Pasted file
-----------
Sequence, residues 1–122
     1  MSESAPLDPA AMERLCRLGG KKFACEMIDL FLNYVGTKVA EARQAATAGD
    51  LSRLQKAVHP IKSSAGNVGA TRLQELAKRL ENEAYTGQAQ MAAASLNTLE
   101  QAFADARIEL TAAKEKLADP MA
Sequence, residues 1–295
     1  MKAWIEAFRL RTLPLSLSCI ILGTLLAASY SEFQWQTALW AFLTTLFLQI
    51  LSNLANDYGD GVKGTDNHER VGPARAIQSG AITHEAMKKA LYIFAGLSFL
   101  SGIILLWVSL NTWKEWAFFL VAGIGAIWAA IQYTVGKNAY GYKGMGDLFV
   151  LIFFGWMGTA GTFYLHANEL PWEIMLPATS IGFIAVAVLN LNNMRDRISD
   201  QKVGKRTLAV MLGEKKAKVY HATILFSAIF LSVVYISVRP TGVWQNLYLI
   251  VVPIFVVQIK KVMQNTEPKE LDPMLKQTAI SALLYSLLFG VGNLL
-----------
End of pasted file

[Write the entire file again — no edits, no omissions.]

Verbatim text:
Sequence, residues 1–122
     1  MSESAPLDPA AMERLCRLGG KKFACEMIDL FLNYVGTKVA EARQAATAGD
    51  LSRLQKAVHP IKSSAGNVGA TRLQELAKRL ENEAYTGQAQ MAAASLNTLE
   101  QAFADARIEL TAAKEKLADP MA
Sequence, residues 1–295
     1  MKAWIEAFRL RTLPLSLSCI ILGTLLAASY SEFQWQTALW AFLTTLFLQI
    51  LSNLANDYGD GVKGTDNHER VGPARAIQSG AITHEAMKKA LYIFAGLSFL
   101  SGIILLWVSL NTWKEWAFFL VAGIGAIWAA IQYTVGKNAY GYKGMGDLFV
   151  LIFFGWMGTA GTFYLHANEL PWEIMLPATS IGFIAVAVLN LNNMRDRISD
   201  QKVGKRTLAV MLGEKKAKVY HATILFSAIF LSVVYISVRP TGVWQNLYLI
   251  VVPIFVVQIK KVMQNTEPKE LDPMLKQTAI SALLYSLLFG VGNLL